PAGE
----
“What size SUP do I need for my weight?” This is an excellent question that should be asked by every first time SUP shopper. An even better question would be “what size SUP do I need for my weight and experience level?”
A paddle board should never be sold based on a person’s height. Your height is irrelevant to paddle board performance. Your weight, experience level and paddling goals are what matters.
While paddle boards vary in shape, width, length and thickness, the most important measurement when purchasing your first SUP is volume. A paddle board’s volume which is measured in liters is the best variable in determining what size board is best for you. A board’s volume tells you how much water the board displaces when it’s placed in the water. The higher the volume, the more weight a board can handle before performance diminishes.
Below are some examples of different Wappa paddle boards, their volume, and maximum rider weight the boards can handle.
As a general rule, the larger a paddle board’s volume, the more stable it will be. The heavier the person, the greater a SUP’s volume has to be to maintain an equal level of stability.
A common mistake many first-time buyers make is purchasing a larger board than they need because they want something that’s very stable. While getting a larger board then you need will be very stable, you may quickly become frustrated with your new toy as you gain experience. After a few sessions, your balance will improve and by the end of your first summer paddling, you will feel very comfortable on your board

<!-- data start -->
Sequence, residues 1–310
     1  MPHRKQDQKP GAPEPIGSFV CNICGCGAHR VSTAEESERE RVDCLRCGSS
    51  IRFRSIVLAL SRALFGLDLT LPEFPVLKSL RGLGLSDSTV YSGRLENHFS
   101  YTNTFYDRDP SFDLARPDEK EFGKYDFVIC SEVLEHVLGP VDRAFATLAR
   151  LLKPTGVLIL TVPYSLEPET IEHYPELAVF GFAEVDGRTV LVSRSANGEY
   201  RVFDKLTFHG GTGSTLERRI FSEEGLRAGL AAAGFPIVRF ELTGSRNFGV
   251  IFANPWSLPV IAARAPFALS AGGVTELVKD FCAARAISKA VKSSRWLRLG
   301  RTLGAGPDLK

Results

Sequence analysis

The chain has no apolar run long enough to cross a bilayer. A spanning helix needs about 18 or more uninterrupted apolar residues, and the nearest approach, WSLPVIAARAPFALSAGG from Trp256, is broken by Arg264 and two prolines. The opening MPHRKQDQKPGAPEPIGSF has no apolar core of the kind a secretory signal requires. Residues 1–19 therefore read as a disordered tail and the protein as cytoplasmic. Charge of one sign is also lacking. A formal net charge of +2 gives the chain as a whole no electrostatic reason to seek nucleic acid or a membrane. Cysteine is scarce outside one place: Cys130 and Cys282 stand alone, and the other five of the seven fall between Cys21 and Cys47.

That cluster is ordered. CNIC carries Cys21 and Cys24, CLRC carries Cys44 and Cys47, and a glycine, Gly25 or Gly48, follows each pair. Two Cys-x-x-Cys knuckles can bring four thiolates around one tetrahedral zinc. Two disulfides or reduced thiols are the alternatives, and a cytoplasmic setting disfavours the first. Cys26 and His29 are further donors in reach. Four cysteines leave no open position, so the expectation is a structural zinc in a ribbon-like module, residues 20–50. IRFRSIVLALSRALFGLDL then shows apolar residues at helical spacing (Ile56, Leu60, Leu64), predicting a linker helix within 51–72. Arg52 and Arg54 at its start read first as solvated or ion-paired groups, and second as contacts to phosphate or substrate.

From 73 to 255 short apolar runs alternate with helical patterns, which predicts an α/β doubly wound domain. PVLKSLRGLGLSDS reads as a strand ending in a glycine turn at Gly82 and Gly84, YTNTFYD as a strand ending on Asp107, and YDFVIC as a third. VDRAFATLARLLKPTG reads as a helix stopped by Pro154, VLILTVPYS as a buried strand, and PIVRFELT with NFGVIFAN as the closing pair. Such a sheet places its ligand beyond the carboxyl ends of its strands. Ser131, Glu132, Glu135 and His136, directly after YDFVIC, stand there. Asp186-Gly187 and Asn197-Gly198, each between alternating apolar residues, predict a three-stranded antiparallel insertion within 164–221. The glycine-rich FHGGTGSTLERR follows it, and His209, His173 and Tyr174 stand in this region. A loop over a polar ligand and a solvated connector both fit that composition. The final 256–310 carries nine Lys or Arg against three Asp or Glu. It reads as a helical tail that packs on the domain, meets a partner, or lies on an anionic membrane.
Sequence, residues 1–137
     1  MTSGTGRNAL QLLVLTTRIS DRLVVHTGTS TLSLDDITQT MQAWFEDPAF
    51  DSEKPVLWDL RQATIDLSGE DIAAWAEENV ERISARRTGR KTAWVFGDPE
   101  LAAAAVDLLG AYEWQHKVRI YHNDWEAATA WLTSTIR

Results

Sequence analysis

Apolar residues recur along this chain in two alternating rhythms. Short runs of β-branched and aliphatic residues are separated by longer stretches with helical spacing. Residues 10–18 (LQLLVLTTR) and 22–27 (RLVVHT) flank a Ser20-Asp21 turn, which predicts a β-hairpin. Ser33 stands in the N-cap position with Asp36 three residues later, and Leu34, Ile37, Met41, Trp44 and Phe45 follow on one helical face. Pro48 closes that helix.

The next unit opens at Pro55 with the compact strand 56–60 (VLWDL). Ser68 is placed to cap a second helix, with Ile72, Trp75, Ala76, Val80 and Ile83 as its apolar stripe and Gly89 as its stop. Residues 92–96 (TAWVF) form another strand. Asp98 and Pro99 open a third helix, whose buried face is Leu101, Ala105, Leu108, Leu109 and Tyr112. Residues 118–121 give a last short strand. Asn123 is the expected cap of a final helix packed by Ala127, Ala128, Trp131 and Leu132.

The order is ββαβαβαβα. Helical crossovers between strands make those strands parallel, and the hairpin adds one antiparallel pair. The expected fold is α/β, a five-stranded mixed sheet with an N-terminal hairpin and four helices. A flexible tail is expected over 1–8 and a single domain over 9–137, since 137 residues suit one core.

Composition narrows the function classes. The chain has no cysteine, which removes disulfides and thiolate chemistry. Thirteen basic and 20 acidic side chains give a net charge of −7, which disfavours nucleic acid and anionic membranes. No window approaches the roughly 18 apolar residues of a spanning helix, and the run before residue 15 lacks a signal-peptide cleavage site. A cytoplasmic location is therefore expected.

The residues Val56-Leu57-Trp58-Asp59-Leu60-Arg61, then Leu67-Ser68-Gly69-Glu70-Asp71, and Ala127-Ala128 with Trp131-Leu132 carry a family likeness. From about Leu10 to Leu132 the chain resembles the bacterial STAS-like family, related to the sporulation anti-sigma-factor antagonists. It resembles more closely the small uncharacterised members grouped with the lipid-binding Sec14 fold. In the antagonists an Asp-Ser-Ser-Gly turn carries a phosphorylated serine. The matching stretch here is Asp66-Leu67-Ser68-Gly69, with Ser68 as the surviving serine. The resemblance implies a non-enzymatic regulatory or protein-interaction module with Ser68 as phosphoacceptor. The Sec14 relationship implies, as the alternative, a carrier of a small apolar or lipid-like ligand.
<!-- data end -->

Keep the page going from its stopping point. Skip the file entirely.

However, as you gain experience, the big, stable SUP you initially loved may start feeling like an aircraft carrier as you paddle longer distances, or try to take some waves.
The key to selecting the right SUP is getting one with the proper volume to give you the stability that is needed at the beginning without it being too big that your skills advance past it in a few months. A good measuring stick for a first-time buyer is to compare your weight to the board’s volume. If you weigh 25 lbs. less than the boards volume, you will not be getting a board that is too big for you. In fact, you will be pretty much in its sweet spot.
If your weight is close to the volume of the board, it will be nice and stable. If your weight is over the volume of the board, but below the maximum weight, it will still be a great board for the long term, but it will be a little less stable for you as a beginner.
As the above chart illustrates, longer SUPs have more volume and can carry more weight. That doesn’t mean that if you’re 250 lbs. you should be getting a Wappa Scout just because you “fit it”. That board is big and long because it’s deigned to easily cut through water. It’s also 2”- 4” narrower than the other Wappa boards. When shopping, you will need to pay attention to the board’s function as well.
As you shop for paddle boards, don’t use your height as a measuring stick. Instead, use your weight. Select a SUP that will put you in the “body weight/board volume” sweet spot. Once you do that, you’ll be on the right track to selecting the properly sized paddle board.
The Wappa Blog
Written by Wappa's founder Layne Pennell, the blog's aim is to educate and share his love of stand up paddle boarding with anyone interested in SUP.
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